Water and the Spirit

by | Jun 11, 2024 | Church, Family Life, Liturgy, Parenting, Spirituality, Teachings

“Truly, truly, I say to you. Unless someone is born of water and the Spirit, he cannot enter the kingdom of God” John 3:5.

Water and the spirit bring forth baptism. I have now had the blessing of holding two infants during their baptisms. One was my daughter months ago, the other my godson this past weekend. There’s something extremely surreal about holding a sleeping newborn while they’re anointed with oil and covered with water. Baptism is a life-giving and life-saving sacrament. It is one of the single most important things that could possibly happen in a person’s life. Most religions delay baptism until children, or adults, freely request they be baptized. However, in the Catholic Church, it is required in the Code of Cannon Law to baptize children within one month of their birth.

Why Baptize Infants?

If Baptism is so life-changing, why do it when children can have no role in it? The answer is in the question: baptism is life changing. Thankfully, the Catholic Church has the authority to decipher the meaning of baptism in the Bible. We understand why it must be done as soon as possible.

“He who believes and is baptized will be saved, but he who does not believe will be condemned” Mark 16:16.

There are many passages in the New Testament dictating the call to baptism. Mark records Jesus’ words here, with two things required to be saved: baptism and belief.

Baptism is not a magical process where water is poured on a child and Original Sin is removed from their soul. It is a sacrament, an outward sign instituted by Christ to give grace. To receive a sacrament, one must have the intention of reception of God into our souls, or faith.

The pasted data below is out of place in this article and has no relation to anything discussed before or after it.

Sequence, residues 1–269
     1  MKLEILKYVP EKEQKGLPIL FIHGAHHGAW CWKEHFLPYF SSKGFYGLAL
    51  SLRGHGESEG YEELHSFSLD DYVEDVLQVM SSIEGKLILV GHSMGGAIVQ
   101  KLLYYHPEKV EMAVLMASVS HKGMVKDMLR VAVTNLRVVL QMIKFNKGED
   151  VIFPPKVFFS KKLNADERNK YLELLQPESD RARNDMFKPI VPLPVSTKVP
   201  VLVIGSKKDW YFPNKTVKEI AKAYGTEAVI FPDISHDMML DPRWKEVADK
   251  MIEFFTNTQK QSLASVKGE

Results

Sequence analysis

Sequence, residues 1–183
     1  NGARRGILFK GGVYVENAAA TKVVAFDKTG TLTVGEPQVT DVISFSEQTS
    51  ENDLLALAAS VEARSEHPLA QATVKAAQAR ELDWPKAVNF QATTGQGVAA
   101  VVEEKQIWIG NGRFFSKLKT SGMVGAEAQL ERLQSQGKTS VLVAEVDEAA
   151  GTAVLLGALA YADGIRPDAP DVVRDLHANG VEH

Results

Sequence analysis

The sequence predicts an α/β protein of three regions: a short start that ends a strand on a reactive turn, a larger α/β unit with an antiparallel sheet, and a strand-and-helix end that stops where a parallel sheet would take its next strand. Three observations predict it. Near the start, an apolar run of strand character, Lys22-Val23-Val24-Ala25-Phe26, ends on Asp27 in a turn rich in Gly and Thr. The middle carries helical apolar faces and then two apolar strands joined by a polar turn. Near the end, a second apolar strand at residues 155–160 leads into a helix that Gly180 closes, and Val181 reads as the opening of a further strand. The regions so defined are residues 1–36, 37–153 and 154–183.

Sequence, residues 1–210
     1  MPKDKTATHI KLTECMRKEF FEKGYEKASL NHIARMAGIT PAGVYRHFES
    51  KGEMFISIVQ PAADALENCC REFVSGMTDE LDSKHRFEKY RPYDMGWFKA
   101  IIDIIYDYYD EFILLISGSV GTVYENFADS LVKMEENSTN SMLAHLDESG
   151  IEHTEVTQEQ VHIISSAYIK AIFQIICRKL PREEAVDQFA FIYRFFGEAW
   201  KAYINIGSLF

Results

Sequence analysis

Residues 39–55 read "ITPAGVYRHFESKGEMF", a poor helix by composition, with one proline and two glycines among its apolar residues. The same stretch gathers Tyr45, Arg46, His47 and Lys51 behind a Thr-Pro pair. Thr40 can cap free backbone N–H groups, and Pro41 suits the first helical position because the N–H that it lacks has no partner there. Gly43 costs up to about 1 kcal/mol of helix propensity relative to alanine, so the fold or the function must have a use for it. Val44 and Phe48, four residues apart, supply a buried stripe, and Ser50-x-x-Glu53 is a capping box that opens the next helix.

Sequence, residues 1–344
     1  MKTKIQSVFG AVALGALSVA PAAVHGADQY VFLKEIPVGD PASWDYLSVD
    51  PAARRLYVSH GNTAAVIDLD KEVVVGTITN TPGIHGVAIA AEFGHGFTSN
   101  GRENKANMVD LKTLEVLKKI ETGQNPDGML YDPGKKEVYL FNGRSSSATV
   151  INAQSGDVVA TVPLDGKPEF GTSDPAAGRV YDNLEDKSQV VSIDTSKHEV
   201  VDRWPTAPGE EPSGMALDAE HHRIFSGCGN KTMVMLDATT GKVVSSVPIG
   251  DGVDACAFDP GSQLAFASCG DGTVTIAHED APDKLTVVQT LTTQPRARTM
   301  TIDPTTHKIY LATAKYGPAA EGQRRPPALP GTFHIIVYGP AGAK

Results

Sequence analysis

Obviously, an infant cannot have true faith. An infant cannot will the dispel of sin or the reception of God. The faith in question comes from the parents and godparents. During a formal baptism, the parents and godparents renew our baptismal vows, made by our parents before us. We reject Satan and believe in God. This consent must be given by the essential parties before the infants can be baptized.

With the faith of the parents and godparents, the child can receive the sacrament of baptism. Parents are responsible stewards entrusted by God with the souls of our children. We have the authority to reject Satan and accept God on behalf of our children. With that authority is the responsibility to baptize our children as soon as possible.


The terrible reality is our children are not promised life. If there is even possibility an infant will die in the hospital, we are able and compelled to baptize them. The burden of baptism is on the parents of the child, the stewards of God’s gift. To fail to baptize our children is to risk their loss of full joy in Heaven. Even in His infinite mercy, God does not force us to love Him. Our joy in Heaven grows by our relationship with Him. To die with the mark of Original Sin is to die without knowing God. There are few tragedies as terrible as allowing our children to leave this world without knowing God.

“And if children, then heirs. Heirs of God, and joint heirs with Christ. If so be that we suffer with him, that we may be also glorified with him” Romans 8:17.

We are children of God and heirs of Heaven. Catholics baptize our infants because we are not meant for this world. We are made for Heaven. So, we ensure as quickly as possible our children can obtain Heaven.

Protestants will argue that infant baptism takes away a child’s choice of religion. But just like a person can change their citizenship, a person can change their religion. They can abandon their religion. One could reject everything they were brought up to understand, and many do. Parents are not responsible for what our children choose with their free will. We are responsible for ensuring they have everything they need to reach Heaven, as far as we are able. In our Church’s understanding, that means baptizing our infants.

We are made for Heaven, but we choose Hell. For a child that can choose neither, we must claim them for Heaven first.

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Michelle C. Martin

Michelle graduated from Texas Tech University with her husband, Joshua, in May 2021 and married him in June on the Solemnity of the Sacred Heart of Jesus. She has a degree in Communication Studies and has loved growing in knowledge of healthy and authentic relationships during her time in college and adulthood. Michelle and Joshua currently reside in Lubbock, TX where he works as an architect and she loves life as a stay-at-home wife and mother to their children, Peter and Cecilia.

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